Getting financial advice

Once you’ve agreed to go ahead, your financial planner will request more detailed information from you, so they can prepare your Statement of Advice. This usually includes information about your income, assets, debts, expenses, insurance, wills, superannuation etc. It also sets out their advice, including payments to be made to the adviser and licensee, the basis for that advice and the details of any financial products that might be recommended.

Once your Statement of Advice has been finalised, it will be presented to you in a follow-up meeting. Take the time to go through your plan carefully and make sure you understand it all. Check that it addresses the areas or financial goals you agreed upfront with your planner, and that you are comfortable with the level of risk.

There is no pressure for you to accept the recommendations in your Statement of Advice. If you’re not comfortable with the plan, discuss your concerns with your planner.

Once you’re happy to go ahead with the Statement of Advice, the financial planner will usually ask you to sign a service agreement, or authority to proceed document.

Implementing the recommendations

Once you’re ready to go ahead, your financial planner will help put your plan into action. That could mean setting up investments, applying for insurances or working with your accountant and/or lawyer.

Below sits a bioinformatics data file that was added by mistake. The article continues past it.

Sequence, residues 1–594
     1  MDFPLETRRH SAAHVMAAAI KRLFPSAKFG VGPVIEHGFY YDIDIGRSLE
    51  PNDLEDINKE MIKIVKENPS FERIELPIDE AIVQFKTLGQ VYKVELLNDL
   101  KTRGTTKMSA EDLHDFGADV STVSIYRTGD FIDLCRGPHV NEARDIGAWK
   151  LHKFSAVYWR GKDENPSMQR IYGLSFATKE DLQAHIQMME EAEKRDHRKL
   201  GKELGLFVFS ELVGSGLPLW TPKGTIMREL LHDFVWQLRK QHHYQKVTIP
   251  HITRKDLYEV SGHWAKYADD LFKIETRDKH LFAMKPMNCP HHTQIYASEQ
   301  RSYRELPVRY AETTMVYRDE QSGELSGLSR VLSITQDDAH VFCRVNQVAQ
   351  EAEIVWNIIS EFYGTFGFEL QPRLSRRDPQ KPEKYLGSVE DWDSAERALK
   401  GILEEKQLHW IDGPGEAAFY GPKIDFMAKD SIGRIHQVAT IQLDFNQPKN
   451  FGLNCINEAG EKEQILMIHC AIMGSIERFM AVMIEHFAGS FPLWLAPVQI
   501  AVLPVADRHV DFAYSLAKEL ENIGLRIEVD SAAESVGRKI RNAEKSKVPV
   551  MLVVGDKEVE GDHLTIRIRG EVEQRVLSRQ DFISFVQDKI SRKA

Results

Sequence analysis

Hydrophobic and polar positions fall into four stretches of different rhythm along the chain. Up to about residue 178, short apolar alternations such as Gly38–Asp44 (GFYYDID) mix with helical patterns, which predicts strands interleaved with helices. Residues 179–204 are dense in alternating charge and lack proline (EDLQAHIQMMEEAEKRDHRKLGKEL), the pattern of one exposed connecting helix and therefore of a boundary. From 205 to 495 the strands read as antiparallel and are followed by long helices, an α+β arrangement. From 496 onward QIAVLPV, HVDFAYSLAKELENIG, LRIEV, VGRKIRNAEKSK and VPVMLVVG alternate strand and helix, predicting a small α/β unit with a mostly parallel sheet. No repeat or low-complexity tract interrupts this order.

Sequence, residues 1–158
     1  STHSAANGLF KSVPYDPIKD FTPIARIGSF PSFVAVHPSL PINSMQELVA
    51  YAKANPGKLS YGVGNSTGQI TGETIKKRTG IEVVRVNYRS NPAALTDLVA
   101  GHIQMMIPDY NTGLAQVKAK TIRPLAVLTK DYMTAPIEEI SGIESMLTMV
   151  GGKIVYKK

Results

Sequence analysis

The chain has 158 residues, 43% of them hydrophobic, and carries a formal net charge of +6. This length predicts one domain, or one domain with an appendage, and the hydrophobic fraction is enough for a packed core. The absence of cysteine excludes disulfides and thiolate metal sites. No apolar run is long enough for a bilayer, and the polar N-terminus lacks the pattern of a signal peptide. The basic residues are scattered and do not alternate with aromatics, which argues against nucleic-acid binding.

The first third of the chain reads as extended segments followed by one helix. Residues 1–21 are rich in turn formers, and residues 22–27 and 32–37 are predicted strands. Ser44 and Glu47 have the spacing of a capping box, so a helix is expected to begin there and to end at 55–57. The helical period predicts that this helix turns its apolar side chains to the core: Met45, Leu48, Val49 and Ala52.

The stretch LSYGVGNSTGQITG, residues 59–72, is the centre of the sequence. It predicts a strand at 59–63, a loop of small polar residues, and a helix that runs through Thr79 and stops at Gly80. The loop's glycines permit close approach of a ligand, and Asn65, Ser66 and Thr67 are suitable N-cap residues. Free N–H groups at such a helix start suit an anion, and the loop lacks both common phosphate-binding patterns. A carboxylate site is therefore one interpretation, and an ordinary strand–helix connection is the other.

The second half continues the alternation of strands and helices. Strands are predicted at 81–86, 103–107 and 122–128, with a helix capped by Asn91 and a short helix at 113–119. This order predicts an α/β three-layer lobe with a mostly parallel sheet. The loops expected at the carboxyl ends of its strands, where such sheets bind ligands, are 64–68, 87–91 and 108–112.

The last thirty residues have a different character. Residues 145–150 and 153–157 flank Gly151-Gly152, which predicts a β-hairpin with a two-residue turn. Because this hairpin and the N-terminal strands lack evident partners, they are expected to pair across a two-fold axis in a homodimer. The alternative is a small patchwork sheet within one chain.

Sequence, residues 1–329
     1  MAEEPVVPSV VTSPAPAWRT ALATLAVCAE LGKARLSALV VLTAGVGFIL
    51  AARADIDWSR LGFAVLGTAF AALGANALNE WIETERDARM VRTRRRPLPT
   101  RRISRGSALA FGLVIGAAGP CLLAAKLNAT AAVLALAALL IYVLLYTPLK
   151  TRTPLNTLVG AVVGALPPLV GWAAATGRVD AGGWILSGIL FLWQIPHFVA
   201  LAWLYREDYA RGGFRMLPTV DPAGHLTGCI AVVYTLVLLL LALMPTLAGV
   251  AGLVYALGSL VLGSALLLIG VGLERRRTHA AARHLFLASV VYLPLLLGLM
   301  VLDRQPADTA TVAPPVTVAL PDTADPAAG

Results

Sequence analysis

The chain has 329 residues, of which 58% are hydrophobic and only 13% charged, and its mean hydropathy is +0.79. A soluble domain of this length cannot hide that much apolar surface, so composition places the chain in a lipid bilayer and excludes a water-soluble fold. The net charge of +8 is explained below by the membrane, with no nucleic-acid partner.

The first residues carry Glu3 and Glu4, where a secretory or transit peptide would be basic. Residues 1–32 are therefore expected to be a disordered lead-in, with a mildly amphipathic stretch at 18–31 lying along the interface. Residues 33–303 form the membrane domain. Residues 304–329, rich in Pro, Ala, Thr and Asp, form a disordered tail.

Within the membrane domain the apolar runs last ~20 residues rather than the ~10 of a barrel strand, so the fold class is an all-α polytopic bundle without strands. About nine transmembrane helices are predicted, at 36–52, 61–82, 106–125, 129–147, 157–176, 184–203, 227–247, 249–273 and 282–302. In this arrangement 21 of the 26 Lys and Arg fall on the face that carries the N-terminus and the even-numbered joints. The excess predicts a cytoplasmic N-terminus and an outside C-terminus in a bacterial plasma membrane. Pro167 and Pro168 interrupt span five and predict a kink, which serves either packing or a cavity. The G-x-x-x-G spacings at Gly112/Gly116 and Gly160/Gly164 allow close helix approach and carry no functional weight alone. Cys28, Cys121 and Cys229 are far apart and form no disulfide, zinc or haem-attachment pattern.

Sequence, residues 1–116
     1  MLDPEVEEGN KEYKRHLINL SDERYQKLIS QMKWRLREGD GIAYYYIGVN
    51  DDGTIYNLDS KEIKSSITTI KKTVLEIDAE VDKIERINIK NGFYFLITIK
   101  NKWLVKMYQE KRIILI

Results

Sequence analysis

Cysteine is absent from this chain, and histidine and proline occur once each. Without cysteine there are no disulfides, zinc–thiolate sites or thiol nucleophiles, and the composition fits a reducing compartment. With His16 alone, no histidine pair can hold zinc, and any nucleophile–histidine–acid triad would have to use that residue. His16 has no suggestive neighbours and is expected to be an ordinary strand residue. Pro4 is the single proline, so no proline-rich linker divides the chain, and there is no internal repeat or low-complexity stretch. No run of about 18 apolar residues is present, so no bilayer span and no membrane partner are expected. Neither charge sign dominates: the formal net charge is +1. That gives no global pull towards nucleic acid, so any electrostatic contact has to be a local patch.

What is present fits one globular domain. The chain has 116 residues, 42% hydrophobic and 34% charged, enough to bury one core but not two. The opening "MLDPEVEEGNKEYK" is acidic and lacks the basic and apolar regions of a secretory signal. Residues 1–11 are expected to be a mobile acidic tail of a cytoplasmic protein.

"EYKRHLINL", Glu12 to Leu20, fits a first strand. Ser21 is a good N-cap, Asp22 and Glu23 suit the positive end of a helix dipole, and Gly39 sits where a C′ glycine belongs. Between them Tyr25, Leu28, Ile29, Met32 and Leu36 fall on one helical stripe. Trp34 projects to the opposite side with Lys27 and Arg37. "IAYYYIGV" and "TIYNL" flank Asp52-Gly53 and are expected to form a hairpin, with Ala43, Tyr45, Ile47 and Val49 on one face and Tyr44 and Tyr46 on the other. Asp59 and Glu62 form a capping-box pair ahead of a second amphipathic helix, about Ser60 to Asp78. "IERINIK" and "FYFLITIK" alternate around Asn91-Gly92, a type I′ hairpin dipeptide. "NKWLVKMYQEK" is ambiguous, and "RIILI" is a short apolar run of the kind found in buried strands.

Reviewing the plan

It’s important to review your financial plan regularly, to make sure it still meets your needs. If you’re paying for ongoing financial advice, your planner should meet with you each year to review your financial situation, discuss the progress of your plan and advise you of any legal or regulatory changes that could affect you.

Ending financial advice

If for any reason you’re not happy with your financial planner, or the advice you’re receiving, you do have options. Speak to your planner or check your Statement of Advice for details on ending the relationship with your adviser, or contact the FAAA for advice.

There you have it! Now that you understand how the financial planning process works, there’s never been a better time to get started.

If you are ready to start the process, now is a great time to check out Find A Planner

The Money & Life website is operated by the Financial Advice Association (FAAA). The information in this article is not intended to influence the viewer to make a decision in relation to any particular financial product, class of financial product, or interest in either of these.  The FAAA is not licensed to provide financial product advice.  Nor is it able to provide legal or taxation advice. The FAAA does not assume responsibility for the information accessible via any links provided may relate to you.


The FAAA is the leading professional association for financial advice professionals in Australia. The FAAA advocates for the interests of financial advisers and their clients across the country. Find out more here.